Surgery vs. Laser Treatment for Varicose Veins

In recent past, if a patient suffered from painful and unsightly varicose veins, a doctor would typically recommend vein ligation and stripping—a surgical procedure that removes the veins from the legs or thighs.

Ligation refers to the surgical tying off of the greater saphenous vein in the leg, while stripping refers to the removal of this vein through incisions in the groin area or behind the knee. Tying and removal of the vein are done to reduce the pressure of blood flowing backward through this large vein into the smaller veins that feed into it.

Varicose vein stripping is often done under general anesthesia, and although it is a safe and low-risk procedure, there are always possible side effects, including allergic reaction to the anesthesia, infection at the incision sites, heavy bleeding, blood clots, bruising or scarring, and nerve injury.

Stripping and ligation surgery typically takes 60-90 minutes, although more complicated cases may go longer. However, it is usually an outpatient surgery, so patients can go home the same day. Recovery typically takes two to four weeks, but actual recovery time will vary depending on the number and location of the veins that were removed.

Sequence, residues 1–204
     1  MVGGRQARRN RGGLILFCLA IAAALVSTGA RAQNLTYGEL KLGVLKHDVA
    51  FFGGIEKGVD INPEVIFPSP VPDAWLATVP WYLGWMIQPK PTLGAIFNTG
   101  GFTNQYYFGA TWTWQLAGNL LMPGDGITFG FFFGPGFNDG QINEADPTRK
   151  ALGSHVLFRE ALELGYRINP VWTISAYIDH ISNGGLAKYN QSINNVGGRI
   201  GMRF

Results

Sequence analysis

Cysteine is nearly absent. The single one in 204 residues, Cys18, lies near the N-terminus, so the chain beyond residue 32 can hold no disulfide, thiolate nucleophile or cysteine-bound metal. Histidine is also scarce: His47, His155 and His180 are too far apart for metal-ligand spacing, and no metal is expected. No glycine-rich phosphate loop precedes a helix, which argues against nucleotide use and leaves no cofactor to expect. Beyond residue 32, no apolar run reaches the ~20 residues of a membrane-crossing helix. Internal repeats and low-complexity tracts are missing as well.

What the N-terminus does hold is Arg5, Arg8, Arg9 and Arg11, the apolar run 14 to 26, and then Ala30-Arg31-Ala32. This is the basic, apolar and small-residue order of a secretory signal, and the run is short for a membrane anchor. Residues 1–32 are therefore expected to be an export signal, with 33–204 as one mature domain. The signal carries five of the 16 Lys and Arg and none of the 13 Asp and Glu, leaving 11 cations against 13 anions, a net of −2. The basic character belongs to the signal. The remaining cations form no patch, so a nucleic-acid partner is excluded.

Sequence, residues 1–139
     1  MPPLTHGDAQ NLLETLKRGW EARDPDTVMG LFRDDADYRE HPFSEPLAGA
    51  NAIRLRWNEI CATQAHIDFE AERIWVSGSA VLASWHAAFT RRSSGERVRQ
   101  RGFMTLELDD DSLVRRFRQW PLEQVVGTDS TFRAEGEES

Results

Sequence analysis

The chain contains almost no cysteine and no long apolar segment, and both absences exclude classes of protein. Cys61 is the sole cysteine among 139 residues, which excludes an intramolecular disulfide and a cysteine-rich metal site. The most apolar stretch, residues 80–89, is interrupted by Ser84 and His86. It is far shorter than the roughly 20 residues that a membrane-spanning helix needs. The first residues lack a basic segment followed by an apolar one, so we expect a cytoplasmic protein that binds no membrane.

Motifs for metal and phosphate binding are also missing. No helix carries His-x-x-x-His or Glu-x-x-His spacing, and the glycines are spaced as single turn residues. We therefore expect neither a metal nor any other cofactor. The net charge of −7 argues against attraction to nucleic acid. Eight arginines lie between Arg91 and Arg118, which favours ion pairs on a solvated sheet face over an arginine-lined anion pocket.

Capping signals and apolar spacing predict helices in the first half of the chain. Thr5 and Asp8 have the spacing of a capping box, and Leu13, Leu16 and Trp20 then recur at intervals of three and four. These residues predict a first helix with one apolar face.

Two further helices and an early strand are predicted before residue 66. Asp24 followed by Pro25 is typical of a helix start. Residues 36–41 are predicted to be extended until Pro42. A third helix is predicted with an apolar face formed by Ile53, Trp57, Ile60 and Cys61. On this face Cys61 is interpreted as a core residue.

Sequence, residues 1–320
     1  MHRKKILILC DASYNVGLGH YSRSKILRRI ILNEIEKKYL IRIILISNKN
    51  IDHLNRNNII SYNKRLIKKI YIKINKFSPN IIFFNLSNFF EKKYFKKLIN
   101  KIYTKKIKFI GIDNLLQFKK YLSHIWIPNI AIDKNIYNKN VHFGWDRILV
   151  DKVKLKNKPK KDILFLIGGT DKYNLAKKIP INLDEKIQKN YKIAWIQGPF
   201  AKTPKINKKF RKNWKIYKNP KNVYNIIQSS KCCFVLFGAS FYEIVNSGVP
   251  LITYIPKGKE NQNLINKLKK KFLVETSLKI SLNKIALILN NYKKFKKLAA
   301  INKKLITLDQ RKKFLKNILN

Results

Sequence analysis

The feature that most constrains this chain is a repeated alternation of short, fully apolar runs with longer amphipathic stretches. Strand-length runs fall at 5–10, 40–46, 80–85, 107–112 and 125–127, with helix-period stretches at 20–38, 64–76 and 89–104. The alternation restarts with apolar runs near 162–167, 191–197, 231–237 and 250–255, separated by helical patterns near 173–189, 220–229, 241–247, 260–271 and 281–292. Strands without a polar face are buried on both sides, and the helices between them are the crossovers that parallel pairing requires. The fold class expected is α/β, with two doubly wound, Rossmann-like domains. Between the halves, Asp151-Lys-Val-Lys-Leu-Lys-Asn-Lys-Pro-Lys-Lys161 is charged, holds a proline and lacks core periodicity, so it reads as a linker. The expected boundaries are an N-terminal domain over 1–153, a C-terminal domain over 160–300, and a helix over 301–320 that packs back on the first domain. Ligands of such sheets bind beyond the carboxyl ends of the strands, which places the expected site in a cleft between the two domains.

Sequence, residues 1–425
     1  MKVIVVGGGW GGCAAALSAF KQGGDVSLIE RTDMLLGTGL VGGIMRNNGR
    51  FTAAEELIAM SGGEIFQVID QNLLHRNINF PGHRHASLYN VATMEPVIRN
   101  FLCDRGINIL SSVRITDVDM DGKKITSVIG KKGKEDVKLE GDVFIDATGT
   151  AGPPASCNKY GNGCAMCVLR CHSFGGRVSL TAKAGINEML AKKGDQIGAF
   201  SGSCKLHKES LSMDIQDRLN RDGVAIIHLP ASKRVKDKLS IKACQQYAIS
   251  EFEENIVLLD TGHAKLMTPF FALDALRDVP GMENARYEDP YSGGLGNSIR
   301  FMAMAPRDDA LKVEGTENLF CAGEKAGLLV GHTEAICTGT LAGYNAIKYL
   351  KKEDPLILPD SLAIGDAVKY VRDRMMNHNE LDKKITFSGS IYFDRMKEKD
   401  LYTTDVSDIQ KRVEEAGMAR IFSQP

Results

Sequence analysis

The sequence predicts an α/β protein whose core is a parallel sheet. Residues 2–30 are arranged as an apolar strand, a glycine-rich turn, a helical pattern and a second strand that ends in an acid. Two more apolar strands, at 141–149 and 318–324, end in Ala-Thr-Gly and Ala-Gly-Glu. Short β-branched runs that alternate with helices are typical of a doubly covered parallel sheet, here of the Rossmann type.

For more than a decade, though, surgical vein ligation and stripping have been performed less frequently because of newer, less-invasive, forms of treatment.

One of these treatments is known as Endovenous Laser Therapy (EVLT). EVLT uses ultrasound to guide an optical fiber into the vein. A highly concentrated laser beam heats the walls of the veins and reduces them, causing unhealthy veins to contract and close up.

The patient is conscious (but given the option of oral or intravenous conscious sedation for relaxation), and the leg is numbed using local anesthesia. Laser accuracy allows the doctor to treat the vein without affecting surrounding tissue, and when the vein is closed, it is slowly absorbed into the surrounding soft tissue. Other healthy veins in the legs then take over and blood flow returns to normal.

EVLT is remarkably safe, but as always with any medical procedure, there are risks involved, including skin burns, nerve injury, and blood clots. The procedure also boasts a remarkable 98 percent success rate.

The procedure is typically done within an hour, and patients go home the same day. In studies, patients have reported a faster recovery time than with vein stripping, and EVLT can also be less expensive than stripping and ligation, depending on the number of veins treated.

Although both forms of treatment can be highly successful and have minimal side effects, EVLT is generally a faster and less painful approach, can be less expensive, does not involve general anesthesia, and can have a faster recovery time than vein stripping and ligation surgery. Talking with your doctor can help you decide which procedure is right for you.